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Statement (In Interview):

ARP spoofing attacks are more effective for UDP packets rather than TCP packets since TCP establishes reliable communication channels.

I have opposed the statement saying that once ARP spoofing is done, then we are connected to the victim with a reliable TCP connection as the connection is based on IP addresses.

Which one is True?

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    ARP uses MAC addresses and Ethernet frames, not UDP/TCP packets.
    – schroeder
    Feb 20, 2022 at 18:57

1 Answer 1

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The reliability of both is equally impacted (or not impacted) by ARP spoofing, so yes, you should object, but your reasoning doesn't make sense. Both TCP and UDP are layered on top of IP, and have no visibility of the level at which ARP spoofing happens (Ethernet).

If there's no contention from the other hosts, ARP spoofing is fully reliable for all IP-based protocols. You do it once, the gateway thinks that you're the victim and the victim thinks that you're the gateway, and you have a reliable MitM position over which you can send TCP, UDP, ICMP, or anything else IP-based.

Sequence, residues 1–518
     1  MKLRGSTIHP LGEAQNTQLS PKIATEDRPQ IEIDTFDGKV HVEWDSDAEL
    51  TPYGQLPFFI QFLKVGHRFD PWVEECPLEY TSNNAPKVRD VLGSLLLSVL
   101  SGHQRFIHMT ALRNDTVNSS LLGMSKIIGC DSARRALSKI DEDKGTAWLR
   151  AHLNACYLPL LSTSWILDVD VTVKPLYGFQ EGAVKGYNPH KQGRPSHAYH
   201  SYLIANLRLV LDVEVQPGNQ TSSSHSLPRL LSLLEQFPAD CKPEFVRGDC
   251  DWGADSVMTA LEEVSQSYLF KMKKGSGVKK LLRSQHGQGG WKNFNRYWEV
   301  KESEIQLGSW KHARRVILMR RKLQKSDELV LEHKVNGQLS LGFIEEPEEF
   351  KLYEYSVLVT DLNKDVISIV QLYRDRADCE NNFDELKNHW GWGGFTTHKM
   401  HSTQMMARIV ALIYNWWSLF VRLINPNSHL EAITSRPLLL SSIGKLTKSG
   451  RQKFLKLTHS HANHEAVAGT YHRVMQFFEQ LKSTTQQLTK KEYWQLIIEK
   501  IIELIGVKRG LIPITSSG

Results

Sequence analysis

If there's contention from the other hosts and they try to re-assert the actual network topology, it doesn't matter what you're using on top of IP. Every so often, the mapping of IP to Ethernet (MAC) address will get changed, and you (the attacker) will be out of the loop. If a packet arrives / is sent during this time, it will bypass you.

The one place this might matter is if you're implementing a transparent proxy, terminating the TCP connection from the client (pretending to be the server) and starting a new one to the server. In that case, the sequence numbers on each side of you will be different, and without you in the loop, the connection will break. However, there's no need to do this; you can just modify the TCP stream bidirectionally without actually terminating it.

Of course, if you're doing something like SSL Stripping (where one side will be using TLS and the other won't), that will still break. That has nothing to do with using TCP or UDP, though. If you're "stripping" DTLS (which is UDP-based), then as soon as you're cut out you'd once again have the two sides of the conversation speaking different protocols at each other and things would break.

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